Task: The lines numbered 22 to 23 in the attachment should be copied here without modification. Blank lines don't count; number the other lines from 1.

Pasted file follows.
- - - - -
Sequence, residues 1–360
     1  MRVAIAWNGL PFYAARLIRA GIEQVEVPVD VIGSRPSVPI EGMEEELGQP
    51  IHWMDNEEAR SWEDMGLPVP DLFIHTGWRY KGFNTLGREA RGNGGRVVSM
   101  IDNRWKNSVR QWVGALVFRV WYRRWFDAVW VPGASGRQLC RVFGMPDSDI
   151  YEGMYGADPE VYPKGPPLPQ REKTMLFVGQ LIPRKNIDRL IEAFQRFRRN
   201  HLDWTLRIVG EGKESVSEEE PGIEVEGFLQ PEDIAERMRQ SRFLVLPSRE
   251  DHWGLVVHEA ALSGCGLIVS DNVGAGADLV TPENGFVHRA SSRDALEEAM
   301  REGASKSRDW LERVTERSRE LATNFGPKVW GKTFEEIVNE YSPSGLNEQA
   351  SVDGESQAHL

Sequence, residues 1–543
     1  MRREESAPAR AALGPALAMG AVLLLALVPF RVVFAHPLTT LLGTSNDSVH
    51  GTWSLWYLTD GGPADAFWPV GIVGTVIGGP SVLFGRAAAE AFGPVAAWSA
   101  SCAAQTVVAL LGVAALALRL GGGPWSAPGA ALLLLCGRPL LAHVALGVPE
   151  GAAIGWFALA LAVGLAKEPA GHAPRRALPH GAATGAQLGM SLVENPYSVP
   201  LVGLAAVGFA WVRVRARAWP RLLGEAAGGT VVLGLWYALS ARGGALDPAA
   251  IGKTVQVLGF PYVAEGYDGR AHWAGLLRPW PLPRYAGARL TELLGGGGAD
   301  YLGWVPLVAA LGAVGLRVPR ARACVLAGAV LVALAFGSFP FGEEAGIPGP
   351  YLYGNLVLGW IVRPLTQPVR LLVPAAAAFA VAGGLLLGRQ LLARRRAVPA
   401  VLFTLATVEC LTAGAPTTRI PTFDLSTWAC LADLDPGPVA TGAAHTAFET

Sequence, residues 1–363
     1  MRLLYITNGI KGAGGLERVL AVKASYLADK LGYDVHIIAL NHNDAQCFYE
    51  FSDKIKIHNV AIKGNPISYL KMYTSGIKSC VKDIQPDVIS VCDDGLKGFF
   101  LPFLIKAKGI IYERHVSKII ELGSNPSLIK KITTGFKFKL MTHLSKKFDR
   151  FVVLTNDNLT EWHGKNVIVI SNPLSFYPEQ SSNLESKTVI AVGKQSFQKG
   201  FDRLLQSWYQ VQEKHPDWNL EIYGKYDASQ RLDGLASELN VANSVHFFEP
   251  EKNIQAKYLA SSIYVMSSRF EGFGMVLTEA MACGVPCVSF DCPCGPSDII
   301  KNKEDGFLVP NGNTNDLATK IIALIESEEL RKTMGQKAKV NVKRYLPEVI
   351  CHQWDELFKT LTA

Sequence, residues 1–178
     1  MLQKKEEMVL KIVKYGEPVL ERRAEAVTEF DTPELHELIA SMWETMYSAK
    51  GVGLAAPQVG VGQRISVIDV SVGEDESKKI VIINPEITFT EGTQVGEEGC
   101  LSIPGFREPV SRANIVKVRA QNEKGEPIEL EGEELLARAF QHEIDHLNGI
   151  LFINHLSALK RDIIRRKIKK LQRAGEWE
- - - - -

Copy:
    51  FSDKIKIHNV AIKGNPISYL KMYTSGIKSC VKDIQPDVIS VCDDGLKGFF
   101  LPFLIKAKGI IYERHVSKII ELGSNPSLIK KITTGFKFKL MTHLSKKFDR